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Post Info TOPIC: Pictures of Endolithium Cells (A must see!)
Anonymous

Date: Fri Sep 23 5:23 AM, 2005
Pictures of Endolithium Cells (A must see!)
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This picture of Endolithium Cells is of a kc patients. It is best seen with photo shop as then you can zoom in to see in more detail. It shows at cell level whats going on...

Endolithium cells of a kc cornea

Below is a picture of the Endolithium Cells of a normal cornea.

Endolithium Cells of a Normal Cornea

All the Best

-- Edited by QuintriX at 10:01, 2005-10-07

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Member

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Date: Mon Oct 10 10:14 PM, 2005
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too bad, the first pic is a dead link...

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Anonymous

Date: Mon Oct 10 10:25 PM, 2005
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...both links work fine?


Here are the pic's anyway (if they don't come up please read below)... 


    



Pictures of Keratoconus Endolithium Cells & Normal Endolithium Cells. 


 


You can also see them here at Lucio's site is the pictures can not be accessed,  http://www.helpoffice.altervista.org/ 


Type "kcend" as this is the kc log in and password to access the site


Due to the password protection (which was added recently) AND the direct linkage, this may cause the pictures not to appear. If that happens please used Lucio's site to view the pictures, with the "KC log in" and "password". The thing is once the site pictures are accessed the picture pop up here!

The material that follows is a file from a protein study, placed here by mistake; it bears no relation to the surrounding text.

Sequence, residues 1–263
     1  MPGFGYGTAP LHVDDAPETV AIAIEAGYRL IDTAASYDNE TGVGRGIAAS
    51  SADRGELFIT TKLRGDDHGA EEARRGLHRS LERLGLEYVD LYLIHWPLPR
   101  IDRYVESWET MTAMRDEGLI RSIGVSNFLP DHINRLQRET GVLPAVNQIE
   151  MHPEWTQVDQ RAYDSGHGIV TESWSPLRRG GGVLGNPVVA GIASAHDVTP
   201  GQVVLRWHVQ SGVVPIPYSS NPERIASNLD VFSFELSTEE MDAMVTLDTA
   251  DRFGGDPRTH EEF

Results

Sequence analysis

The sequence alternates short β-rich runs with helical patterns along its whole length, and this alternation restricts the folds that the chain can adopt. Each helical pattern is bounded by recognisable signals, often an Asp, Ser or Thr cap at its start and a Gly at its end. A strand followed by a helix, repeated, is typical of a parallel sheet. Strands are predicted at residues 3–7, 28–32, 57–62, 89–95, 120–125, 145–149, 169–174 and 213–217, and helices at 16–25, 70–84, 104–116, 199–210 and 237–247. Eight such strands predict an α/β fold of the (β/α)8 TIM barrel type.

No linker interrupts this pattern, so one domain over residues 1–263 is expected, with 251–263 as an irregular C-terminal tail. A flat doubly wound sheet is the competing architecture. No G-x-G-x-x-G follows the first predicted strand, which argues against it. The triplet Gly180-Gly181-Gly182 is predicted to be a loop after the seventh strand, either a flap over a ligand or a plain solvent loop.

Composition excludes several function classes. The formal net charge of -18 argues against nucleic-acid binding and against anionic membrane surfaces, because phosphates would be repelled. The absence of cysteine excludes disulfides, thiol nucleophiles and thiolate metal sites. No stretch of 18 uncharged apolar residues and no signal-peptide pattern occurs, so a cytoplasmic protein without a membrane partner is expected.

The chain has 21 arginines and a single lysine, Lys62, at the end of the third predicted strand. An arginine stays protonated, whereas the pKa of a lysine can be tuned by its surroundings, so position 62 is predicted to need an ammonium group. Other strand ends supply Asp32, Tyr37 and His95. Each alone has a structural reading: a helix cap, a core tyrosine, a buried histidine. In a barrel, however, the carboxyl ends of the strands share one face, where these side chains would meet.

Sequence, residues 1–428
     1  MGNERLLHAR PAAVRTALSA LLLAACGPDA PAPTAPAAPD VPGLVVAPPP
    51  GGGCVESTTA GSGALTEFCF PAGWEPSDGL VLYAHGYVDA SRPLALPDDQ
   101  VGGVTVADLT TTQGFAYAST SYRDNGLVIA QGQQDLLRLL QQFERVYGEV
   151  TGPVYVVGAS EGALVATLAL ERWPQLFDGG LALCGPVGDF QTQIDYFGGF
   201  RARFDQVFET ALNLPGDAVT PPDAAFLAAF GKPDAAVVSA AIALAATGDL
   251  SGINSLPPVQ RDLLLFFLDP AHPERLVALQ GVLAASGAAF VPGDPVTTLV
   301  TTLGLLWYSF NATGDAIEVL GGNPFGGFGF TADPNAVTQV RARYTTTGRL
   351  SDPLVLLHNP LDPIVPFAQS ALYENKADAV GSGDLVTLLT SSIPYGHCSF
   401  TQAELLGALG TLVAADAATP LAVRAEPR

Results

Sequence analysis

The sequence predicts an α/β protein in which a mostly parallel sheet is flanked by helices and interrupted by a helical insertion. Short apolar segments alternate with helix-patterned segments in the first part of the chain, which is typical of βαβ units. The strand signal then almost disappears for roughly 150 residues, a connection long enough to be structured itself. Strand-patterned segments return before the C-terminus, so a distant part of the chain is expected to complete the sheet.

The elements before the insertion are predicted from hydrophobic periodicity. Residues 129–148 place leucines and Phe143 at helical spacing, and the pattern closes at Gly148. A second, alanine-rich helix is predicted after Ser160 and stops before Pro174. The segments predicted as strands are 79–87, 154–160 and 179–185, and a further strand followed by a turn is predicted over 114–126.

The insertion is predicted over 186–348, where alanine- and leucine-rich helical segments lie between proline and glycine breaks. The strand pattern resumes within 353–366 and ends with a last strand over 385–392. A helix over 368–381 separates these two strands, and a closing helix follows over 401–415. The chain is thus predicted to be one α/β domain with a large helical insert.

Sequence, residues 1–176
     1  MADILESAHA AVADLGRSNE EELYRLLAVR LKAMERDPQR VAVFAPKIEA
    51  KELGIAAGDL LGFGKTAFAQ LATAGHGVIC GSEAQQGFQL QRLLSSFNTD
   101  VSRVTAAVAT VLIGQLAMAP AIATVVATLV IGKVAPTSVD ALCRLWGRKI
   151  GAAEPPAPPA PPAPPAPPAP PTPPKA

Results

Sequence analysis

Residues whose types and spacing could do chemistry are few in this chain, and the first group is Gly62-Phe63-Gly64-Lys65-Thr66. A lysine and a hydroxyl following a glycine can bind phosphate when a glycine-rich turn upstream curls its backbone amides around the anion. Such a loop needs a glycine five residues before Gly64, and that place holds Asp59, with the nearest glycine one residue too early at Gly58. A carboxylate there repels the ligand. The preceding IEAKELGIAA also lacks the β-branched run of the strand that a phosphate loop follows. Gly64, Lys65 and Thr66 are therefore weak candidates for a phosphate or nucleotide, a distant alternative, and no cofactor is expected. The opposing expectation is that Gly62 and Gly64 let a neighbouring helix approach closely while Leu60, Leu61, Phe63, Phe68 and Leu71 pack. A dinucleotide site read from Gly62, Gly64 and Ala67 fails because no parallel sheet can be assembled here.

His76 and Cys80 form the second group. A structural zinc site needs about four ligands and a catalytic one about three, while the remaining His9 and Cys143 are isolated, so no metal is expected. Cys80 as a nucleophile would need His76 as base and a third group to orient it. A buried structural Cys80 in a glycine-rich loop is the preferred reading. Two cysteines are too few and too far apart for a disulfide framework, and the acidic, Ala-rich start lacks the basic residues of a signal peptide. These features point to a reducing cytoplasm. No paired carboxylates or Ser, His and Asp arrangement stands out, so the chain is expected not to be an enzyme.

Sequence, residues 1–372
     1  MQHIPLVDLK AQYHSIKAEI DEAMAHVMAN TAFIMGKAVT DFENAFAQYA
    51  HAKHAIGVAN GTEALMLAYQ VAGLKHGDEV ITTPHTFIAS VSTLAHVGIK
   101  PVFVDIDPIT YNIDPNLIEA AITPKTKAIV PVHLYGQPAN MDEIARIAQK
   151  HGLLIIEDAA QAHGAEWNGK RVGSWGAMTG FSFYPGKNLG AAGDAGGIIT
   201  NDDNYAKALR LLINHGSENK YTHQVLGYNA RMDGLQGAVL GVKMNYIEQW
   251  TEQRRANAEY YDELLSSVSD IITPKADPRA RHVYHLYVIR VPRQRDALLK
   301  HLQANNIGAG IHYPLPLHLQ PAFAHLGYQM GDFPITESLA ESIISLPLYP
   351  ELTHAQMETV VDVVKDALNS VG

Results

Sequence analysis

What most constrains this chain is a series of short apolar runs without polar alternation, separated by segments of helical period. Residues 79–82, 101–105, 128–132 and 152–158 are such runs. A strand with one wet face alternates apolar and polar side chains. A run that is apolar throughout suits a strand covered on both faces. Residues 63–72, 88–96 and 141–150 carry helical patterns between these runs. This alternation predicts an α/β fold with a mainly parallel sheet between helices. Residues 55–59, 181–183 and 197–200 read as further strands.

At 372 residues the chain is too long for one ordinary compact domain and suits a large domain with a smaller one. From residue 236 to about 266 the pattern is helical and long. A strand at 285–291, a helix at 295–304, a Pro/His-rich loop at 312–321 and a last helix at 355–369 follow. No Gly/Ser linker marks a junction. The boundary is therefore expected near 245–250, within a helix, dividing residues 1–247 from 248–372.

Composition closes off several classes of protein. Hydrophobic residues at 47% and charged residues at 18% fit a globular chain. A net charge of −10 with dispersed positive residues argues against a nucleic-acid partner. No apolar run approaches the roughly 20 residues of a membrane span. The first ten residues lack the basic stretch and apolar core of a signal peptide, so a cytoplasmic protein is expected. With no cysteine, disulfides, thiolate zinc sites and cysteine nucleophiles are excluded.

-- Edited by QuintriX at 03:22, 2006-02-09

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Date: Tue Oct 11 5:10 PM, 2005
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...hm, sorry. When I open it in my Opera-Browser, just the second link works. the first leads to an error-message...

in IE both links work.

MARKUS

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Anonymous

Date: Tue Mar 7 8:02 PM, 2006
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Ok Lucio and everyone... these pictures are normal... i showed them to a Dr in london and he said that when a person ages their Endolithium cells age as well and cell count goes down.


The thing i wanted to say was that in a "normal" eye with "normal" cornea's the cell count going down does not matter (in fact its normal for that to happen)... unlike with for someone with kc cornea's... This is because the Endolithium cells takes fluids way from the front of the eye... when there are less Endolithium cells, this does not happen as much and if you have a very thin cornea (in places) the fluids not taken away can tear through the cornea to cause "hydrops".


To note that the cell count of the Endolithium cells can be mesured to see if they are declining quickly or not.


Also the "normal" looking Endolithium cells picture is probably of a baby or child who has the full amount of Endolithium cells at brith (Lucio found this picture on the net).



-- Edited by QuintriX at 21:52, 2006-03-08

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